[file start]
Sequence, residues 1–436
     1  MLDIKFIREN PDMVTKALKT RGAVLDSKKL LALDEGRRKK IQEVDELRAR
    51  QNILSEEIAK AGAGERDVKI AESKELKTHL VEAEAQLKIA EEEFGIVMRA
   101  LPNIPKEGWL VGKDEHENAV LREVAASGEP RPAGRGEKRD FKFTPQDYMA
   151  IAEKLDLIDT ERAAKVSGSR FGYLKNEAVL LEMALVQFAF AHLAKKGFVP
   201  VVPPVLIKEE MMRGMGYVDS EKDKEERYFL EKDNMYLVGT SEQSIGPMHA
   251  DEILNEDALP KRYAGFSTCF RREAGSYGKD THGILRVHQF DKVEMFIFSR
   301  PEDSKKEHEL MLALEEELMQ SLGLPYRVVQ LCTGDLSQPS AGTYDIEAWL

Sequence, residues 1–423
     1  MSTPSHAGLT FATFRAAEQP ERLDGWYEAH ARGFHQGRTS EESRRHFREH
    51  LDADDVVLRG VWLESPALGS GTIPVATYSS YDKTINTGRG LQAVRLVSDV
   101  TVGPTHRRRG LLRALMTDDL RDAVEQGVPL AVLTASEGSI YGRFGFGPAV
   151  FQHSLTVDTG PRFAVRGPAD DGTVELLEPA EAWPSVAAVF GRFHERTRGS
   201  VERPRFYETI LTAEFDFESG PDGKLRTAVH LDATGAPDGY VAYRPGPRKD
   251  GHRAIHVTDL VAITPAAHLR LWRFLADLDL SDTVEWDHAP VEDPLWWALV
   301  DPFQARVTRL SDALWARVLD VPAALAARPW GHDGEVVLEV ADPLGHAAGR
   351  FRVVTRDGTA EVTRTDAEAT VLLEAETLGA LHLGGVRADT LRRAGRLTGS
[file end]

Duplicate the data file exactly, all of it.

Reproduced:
Sequence, residues 1–436
     1  MLDIKFIREN PDMVTKALKT RGAVLDSKKL LALDEGRRKK IQEVDELRAR
    51  QNILSEEIAK AGAGERDVKI AESKELKTHL VEAEAQLKIA EEEFGIVMRA
   101  LPNIPKEGWL VGKDEHENAV LREVAASGEP RPAGRGEKRD FKFTPQDYMA
   151  IAEKLDLIDT ERAAKVSGSR FGYLKNEAVL LEMALVQFAF AHLAKKGFVP
   201  VVPPVLIKEE MMRGMGYVDS EKDKEERYFL EKDNMYLVGT SEQSIGPMHA
   251  DEILNEDALP KRYAGFSTCF RREAGSYGKD THGILRVHQF DKVEMFIFSR
   301  PEDSKKEHEL MLALEEELMQ SLGLPYRVVQ LCTGDLSQPS AGTYDIEAWL

Sequence, residues 1–423
     1  MSTPSHAGLT FATFRAAEQP ERLDGWYEAH ARGFHQGRTS EESRRHFREH
    51  LDADDVVLRG VWLESPALGS GTIPVATYSS YDKTINTGRG LQAVRLVSDV
   101  TVGPTHRRRG LLRALMTDDL RDAVEQGVPL AVLTASEGSI YGRFGFGPAV
   151  FQHSLTVDTG PRFAVRGPAD DGTVELLEPA EAWPSVAAVF GRFHERTRGS
   201  VERPRFYETI LTAEFDFESG PDGKLRTAVH LDATGAPDGY VAYRPGPRKD
   251  GHRAIHVTDL VAITPAAHLR LWRFLADLDL SDTVEWDHAP VEDPLWWALV
   301  DPFQARVTRL SDALWARVLD VPAALAARPW GHDGEVVLEV ADPLGHAAGR
   351  FRVVTRDGTA EVTRTDAEAT VLLEAETLGA LHLGGVRADT LRRAGRLTGS